When the government first announced the £3.5bn PRS housing guarantee scheme in 2012, then housing minister Mark Prisk said it would help “unlock the vast, untapped potential for growth in the PRS”.
Six years on, Liberal Democrat leader Sir Vince Cable believes the government-backed bond scheme hasn’t lived up to expectations, telling Property Week in an interview a fortnight ago that the scheme “just didn’t deliver”.
But do his comments stand up to scrutiny?
It has taken some time for the scheme to get off the ground. The first bonds were launched at the end of 2016 and so far, £460m of loans have been provided, meaning that there is still a long way to go before all the £3.5bn promised is put to work.
Paul House, managing partner at Venn Partners, which runs the scheme, says this isn’t down to a lack of interest. Rather, it reflects the fact that although “a lot of stuff is happening below the line”, there are still a relatively limited number of completed projects. As the scheme only provides funding for properties once they are built (typically refinancing development loans), this limits how much money can be lent.
Judging by the volume of applications from developers and investors, which can be made long before projects are completed, there is plenty of industry interest in the scheme. In addition to the £460m that has already been lent, credit approval has been given for a further £1.2bn of loans and another £6bn of applications have been received. The scheme is still open for applications until the end of this year so this figure is likely to increase further.
Venn could end up with more viable projects to fund than the £3.5bn government fund allows, although there is a chance that its budget could be increased. The £3.5bn scheme was announced as part of a £10bn package of debt guarantees, which also included £3.5bn for the affordable housing sector and £3bn that was held in reserve to be used by either the PRS or affordable housing programmes.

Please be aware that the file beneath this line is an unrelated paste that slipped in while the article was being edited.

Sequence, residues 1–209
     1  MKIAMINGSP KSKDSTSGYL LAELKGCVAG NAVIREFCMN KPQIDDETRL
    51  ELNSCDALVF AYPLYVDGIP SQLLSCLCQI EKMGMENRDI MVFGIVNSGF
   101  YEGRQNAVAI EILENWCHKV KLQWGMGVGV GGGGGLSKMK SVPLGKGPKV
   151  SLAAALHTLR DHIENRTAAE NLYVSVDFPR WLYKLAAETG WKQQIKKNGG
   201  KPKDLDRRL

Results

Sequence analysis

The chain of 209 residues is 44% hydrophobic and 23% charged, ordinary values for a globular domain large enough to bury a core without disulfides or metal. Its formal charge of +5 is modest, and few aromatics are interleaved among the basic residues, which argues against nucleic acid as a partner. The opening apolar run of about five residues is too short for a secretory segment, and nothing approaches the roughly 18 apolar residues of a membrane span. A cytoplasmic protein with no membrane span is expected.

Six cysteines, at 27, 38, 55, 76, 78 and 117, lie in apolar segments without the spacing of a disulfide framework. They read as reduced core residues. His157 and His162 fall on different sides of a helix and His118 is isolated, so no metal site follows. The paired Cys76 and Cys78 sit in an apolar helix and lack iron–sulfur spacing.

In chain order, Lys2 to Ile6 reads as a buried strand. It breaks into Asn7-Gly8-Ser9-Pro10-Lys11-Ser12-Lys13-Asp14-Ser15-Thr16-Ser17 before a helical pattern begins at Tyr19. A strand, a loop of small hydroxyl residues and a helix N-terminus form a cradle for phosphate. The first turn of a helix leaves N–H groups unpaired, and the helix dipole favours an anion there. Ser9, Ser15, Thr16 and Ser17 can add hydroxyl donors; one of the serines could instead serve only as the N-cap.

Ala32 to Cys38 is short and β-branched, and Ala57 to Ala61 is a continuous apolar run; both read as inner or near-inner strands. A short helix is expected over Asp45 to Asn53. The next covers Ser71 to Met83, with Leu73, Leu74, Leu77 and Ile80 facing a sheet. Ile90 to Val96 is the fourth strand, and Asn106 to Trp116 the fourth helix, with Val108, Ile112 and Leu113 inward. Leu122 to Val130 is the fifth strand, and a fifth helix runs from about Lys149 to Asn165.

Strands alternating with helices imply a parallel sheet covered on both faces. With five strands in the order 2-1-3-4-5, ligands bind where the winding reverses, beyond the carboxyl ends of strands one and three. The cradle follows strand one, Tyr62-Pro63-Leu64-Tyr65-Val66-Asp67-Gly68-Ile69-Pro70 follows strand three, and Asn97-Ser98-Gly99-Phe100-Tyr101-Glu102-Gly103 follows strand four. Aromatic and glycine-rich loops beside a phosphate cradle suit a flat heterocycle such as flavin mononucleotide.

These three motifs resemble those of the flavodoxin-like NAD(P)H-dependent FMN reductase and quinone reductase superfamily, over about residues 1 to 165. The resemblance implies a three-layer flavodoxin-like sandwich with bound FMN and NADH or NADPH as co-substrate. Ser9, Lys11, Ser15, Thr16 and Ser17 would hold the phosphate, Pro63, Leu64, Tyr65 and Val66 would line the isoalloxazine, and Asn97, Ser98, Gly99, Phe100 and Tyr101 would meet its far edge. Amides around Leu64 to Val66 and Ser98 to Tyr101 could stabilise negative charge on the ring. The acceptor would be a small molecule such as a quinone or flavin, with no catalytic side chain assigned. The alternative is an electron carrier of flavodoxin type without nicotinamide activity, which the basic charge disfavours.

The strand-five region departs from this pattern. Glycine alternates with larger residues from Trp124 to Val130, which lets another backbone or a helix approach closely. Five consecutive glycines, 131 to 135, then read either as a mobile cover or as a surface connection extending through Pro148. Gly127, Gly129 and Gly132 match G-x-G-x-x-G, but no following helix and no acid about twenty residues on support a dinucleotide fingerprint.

Feedback from borrowers who have used the PRS funding scheme is largely positive. The main attraction is that for investors looking to hold on to properties, it provides debt that is materially cheaper than what would be available from mainstream lenders. This more than compensates for the fact that the process of applying for financing can be more time consuming than for traditional bank debt and the terms on offer may be less flexible, borrowers say.
Cheaper debt option
“It is cheaper than going to a mainstream lender so long as you don’t want to break it,” says John German, senior director, residential investments, at Invesco Real Estate, which secured a loan for its joint venture of 580 PRS homes last year. “It is not our sole source of debt, but we will continue to use it if it is available.”
Alex Greaves, head of residential investment at M&G Real Estate, agrees that the scheme has been positive, mainly because it demonstrates government support for the build-to-rent sector.
However, he sympathises with Cable’s view, arguing that the government could have taken other steps that would have been more effective in boosting the number of BTR homes.
“The biggest challenges we have relate to availability of land and finding viable sites,” he says. “Lack of capital has never been a problem.”
It is certainly debatable whether the PRS housing guarantee scheme has lived up to Prisk’s billing. Few investors would say it was a critical factor in their decision to enter the BTR sector. However, the £6.5bn of loan applications would suggest that, at the very least, it has proved popular with investors and developers.